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Pulmonary Lymphangiomyomatosis Associated with Renal and Hepatic Angiomyolipoma Mass in a Patient with Tuberous Sclerosis Complex.

Byline: Hong-Sheng. Lu, Xue-Quan. Cao, Wei-Fei. Chen

To the Editor: Tuberous sclerosis complex (TSC), a rare autosomal dominant and variable penetrance, affects about 10 in every 100,000 people.[1] In general, it is described as a clinical triad of adenomas, mental disorders, and seizures. However, due to incomplete penetrance, symptoms may be involved in isolated organs, which may manifest as mild incomplete diseases or involve multiple organs. Pulmonary lymphangiomyomatosis (LAM) associated with both renal and hepatic angiomyolipomas (AMLs) in a TSC patient is very rare. To the best of our knowledge, only one case has been reported by Ciftci et al .[2] Here, we present such a case with clinical and pathological analysis.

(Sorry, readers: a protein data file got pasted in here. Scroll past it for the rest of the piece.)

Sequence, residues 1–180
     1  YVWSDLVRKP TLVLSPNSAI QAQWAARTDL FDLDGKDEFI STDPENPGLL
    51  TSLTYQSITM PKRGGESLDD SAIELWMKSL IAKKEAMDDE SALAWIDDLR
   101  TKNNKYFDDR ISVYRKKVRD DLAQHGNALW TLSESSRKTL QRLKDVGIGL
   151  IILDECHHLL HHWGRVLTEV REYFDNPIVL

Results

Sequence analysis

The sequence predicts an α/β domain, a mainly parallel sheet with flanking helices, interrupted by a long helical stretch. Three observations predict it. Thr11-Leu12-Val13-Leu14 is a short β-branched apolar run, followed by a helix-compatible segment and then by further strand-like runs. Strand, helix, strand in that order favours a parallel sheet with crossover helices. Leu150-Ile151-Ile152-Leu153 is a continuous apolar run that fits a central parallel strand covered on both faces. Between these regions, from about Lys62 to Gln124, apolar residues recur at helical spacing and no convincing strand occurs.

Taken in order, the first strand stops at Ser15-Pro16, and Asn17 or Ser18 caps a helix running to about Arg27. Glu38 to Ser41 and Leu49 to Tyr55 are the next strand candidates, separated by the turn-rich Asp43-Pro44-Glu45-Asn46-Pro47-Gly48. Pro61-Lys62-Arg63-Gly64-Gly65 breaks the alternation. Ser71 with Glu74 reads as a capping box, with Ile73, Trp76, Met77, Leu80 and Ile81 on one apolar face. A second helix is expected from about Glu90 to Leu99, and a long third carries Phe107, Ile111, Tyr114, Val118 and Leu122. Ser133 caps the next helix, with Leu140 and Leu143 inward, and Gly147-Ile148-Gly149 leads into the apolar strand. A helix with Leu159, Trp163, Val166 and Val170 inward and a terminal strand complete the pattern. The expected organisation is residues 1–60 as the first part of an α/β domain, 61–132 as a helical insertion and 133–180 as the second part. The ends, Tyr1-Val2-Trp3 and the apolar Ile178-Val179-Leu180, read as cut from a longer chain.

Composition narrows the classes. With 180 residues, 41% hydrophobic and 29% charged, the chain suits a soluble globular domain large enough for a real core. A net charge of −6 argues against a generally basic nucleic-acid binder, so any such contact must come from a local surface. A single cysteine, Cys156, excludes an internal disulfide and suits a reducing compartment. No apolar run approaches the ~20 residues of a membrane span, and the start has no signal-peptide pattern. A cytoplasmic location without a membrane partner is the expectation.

A 30-year-old married woman was referred to Taizhou Hospital with one-week history of chest discomfort, cough, breathlessness, and dyspnea on exertion after catching a cold. She had no history of asthma; and she had a history of renal AML and received right nephroureterectomy in 2002 (the tumor was composed of smooth muscle, fat, thick-walled blood vessels, and cut surfaces showed focal necrosis [Figure 1]a. The cells showed a positive reaction for HMB-45 antigen [Figure 1]b. Before she came to Taizhou Hospital, X-rays taken to the local hospital showed a 90% right pneumothorax. Her symptoms subsided after she was placed on needle aspiration and anti-inflammatory therapy. However, pneumothorax recurred and X-ray again showed 90% pneumothorax. Chest computed tomography (CT) performed in Taizhou Hospital revealed a 95% pneumothorax and a honeycomb pattern throughout the lung parenchyma bilaterally [Figure 1]e. On examination, the patient had stable vital signs. Biopsy of the right lung showed the proliferation of smooth muscle cells, arranged in bundles, beams, and papillae was distributed in a branch network composed of endothelial cells [Figure 1]c. The cells were plump or epithelioid with abundant eosinophilic cytoplasm, and they were positive to both alpha-smooth muscle actin [Figure 1]d and HMB-45 antigen. A diagnosis of pulmonary LAM was made. During surgery, a large number of 0.3-3.0 cm bullae distributed diffusely on the surfaces of both lungs were found, and the cauterization of bullae and pleurodesis was performed. However, 6 days later, pneumothorax again recurred. X-ray demonstrated a 50-60% left pneumothorax and a 10% right pneumothorax. Further, chest and abdomen CT scan showed hepatic AML in the left lobe of the liver, and the change in resection of the right kidney, and multiple left renal AML, and bilateral pulmonary LAMs, and right pleural effusion [Figure 1]f and 1g]. Closed chest drainage was initiated on the left, which controlled her symptoms, and she was discharged with the diagnosis of TSC, based on the TSC diagnostic criteria update: recommendations of the 2012 International TSC Consensus Conference.[3]{Figure 1}